In September, Lena Waithe became the first African-American woman to take home an Emmy award for comedic writing for her work on “Thanksgiving,” an episode that chronicling her coming out story, on Netflix’s “Master of None.” However, the history-making win almost didn’t happen, given Waithe’s initial hesitance to tell the story, let alone write it herself.
Speaking at a Q&A at the 13th annual New York Television Festival on Tuesday night, Waithe revealed that she “never intended” on sharing her coming out story on-screen, and was confident in turning it down, if it wasn’t for the urging of “Master of None” creators Alan Yang and Aziz Ansari.
Waithe said the idea for “Thanksgiving” came about from a brainstorming session with Ansari and Yang. After Waithe detailed her coming out story, which she equated to a “one-woman-show version of the episode,” Yang and Ansari were instantly convinced that it would make a great addition to the series’ second season. However, Waithe needed some convincing.
“Literally I got back to my hotel and they both called me on the phone and were like, ‘Let’s do the episode. Let’s do it. You need to help us write it,’” Waithe said. “And I was like, ‘My plate’s too full. Not going to do that. But I trust you guys. Make it happen.’”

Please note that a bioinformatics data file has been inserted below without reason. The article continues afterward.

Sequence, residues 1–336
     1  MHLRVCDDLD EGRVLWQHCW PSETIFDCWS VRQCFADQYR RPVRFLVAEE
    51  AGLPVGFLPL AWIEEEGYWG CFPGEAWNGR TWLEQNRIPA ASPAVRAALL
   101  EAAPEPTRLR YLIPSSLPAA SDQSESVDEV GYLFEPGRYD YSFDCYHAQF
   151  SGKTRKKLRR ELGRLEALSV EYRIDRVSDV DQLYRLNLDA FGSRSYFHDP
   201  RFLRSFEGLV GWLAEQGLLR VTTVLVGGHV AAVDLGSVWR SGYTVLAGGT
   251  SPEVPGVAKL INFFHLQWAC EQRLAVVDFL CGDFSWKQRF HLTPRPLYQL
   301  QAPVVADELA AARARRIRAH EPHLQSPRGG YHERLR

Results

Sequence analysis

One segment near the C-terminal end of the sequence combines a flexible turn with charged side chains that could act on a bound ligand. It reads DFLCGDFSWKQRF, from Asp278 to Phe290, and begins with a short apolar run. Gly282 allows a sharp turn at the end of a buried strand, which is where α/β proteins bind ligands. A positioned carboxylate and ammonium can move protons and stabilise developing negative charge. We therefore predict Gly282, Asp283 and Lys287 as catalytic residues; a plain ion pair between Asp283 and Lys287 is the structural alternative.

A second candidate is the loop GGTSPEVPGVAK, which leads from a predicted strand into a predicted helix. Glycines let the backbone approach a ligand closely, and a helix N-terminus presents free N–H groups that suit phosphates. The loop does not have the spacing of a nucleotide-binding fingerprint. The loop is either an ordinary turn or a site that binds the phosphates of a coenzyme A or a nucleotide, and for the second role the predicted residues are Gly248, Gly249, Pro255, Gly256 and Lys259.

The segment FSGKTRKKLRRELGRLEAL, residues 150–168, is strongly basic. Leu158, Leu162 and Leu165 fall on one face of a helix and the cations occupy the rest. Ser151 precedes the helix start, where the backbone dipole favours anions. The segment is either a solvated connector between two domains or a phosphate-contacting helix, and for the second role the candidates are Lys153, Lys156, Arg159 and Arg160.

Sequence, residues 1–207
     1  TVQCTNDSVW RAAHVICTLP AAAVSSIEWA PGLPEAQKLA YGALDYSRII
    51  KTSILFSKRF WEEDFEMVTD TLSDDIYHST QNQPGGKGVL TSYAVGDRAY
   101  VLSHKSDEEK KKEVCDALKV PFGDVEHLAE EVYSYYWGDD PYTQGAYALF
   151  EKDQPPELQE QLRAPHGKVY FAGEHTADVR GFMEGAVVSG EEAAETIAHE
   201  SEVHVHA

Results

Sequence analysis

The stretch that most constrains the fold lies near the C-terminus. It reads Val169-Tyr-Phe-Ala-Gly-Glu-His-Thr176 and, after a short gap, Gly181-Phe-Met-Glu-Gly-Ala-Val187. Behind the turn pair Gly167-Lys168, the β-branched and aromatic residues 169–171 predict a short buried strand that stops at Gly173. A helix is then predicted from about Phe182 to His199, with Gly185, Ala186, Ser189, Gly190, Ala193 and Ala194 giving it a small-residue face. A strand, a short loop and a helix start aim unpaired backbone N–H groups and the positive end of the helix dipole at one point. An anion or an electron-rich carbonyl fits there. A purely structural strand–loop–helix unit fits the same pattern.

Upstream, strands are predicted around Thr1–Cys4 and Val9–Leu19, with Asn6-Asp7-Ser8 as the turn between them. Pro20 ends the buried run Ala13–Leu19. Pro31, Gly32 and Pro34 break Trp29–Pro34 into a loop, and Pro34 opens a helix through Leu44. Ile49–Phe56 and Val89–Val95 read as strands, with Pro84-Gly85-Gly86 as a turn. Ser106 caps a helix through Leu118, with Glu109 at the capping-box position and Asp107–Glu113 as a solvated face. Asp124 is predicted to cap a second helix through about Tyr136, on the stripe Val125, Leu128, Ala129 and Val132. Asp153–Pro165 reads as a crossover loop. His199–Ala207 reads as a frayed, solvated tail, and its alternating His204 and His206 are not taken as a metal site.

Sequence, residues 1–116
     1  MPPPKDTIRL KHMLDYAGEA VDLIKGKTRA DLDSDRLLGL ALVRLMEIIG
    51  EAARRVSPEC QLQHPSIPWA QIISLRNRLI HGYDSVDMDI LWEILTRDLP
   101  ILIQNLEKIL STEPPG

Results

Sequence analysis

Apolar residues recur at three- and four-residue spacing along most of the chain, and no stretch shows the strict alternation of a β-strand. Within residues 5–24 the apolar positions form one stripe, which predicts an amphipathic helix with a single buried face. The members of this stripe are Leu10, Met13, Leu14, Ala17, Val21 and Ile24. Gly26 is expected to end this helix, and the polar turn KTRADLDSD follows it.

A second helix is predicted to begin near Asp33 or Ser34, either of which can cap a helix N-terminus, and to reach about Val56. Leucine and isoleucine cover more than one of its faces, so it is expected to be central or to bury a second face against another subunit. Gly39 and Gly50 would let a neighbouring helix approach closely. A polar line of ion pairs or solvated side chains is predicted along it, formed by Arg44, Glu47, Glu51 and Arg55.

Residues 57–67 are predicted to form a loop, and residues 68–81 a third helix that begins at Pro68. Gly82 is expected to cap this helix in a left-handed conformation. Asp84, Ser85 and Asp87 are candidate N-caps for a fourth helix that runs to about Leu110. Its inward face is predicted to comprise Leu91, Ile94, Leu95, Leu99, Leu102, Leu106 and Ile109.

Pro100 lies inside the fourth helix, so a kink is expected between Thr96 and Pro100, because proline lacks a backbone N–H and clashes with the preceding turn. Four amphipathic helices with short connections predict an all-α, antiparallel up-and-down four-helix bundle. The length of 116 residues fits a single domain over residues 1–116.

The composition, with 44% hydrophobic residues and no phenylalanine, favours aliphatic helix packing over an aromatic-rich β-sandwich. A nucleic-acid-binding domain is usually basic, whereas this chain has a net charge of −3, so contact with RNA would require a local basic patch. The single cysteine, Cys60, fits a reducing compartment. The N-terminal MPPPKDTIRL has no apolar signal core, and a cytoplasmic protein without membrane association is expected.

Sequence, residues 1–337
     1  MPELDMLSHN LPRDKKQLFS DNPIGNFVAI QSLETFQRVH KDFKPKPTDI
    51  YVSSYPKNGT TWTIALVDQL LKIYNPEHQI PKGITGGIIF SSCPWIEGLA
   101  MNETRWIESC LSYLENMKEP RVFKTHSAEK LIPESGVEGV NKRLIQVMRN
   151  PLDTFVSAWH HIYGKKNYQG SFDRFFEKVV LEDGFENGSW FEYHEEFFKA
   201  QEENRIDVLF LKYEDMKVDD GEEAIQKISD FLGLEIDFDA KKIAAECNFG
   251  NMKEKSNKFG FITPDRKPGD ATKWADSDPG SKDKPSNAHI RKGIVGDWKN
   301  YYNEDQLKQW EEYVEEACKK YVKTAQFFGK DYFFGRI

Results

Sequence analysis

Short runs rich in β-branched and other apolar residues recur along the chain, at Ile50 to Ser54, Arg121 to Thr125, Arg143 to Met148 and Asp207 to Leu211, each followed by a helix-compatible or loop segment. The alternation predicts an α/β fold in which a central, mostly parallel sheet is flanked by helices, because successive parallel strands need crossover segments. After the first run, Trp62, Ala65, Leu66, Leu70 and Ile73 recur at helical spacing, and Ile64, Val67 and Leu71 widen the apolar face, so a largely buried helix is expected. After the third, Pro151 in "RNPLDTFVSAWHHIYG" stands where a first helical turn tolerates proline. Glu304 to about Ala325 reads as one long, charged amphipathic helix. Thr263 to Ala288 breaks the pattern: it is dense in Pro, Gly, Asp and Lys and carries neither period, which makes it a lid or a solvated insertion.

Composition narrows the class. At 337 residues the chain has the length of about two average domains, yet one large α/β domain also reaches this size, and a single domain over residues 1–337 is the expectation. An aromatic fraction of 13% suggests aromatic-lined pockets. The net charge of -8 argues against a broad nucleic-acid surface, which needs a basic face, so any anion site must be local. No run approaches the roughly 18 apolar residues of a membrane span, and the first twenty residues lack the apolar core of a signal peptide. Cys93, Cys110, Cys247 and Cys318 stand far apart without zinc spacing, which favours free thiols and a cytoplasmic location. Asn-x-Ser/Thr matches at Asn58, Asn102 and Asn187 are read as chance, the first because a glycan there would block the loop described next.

After some nudging from Ansari, who eventually helped Waithe co-write “Thanksgiving,” Waithe agreed to pen the episode. Though, she wants to set the record straight: the reason she originally turned the offer down wasn’t because she was lazy.
“Aziz was like, ‘No. I can’t be that specific. That’s your world. It’s very niche.’ So I was like, ‘OK,’” Waithe said. “He always says I didn’t want to do it because I was being lazy, but that’s not true. He’s the lazy one. That’s why he enlisted me. I just had a lot happening.”
And though the episode eventually led Waithe to an Emmy win months later, she doesn’t credit her achievement strictly to her talent. “The only reason that door was opened was because so many funny women of color have been beating on it for so many years prior,” Waithe said. “If I’m standing tall on that stage, it’s because I’m standing tall on their shoulders.”
Waithe credits black female writers like Susan Fales-Hill (“A Different World”), Yvette Lee Bowser (“Living Single”), and Gina Prince-Bythewood (“Love & Basketball”) for pushing the needle forward, and hopes that her win will open similar doors for women of color in the future.
“My mission is to make sure I’m not the last,” she said, “it’s about making sure that other women of color not only have a seat at the table, but that they’re the best in the writer’s room. It’s not enough to have a seat at the table. You want to be so good that you sit at the head of it.”
(Pictured: Lena Waithe at the 69th Emmy Awards)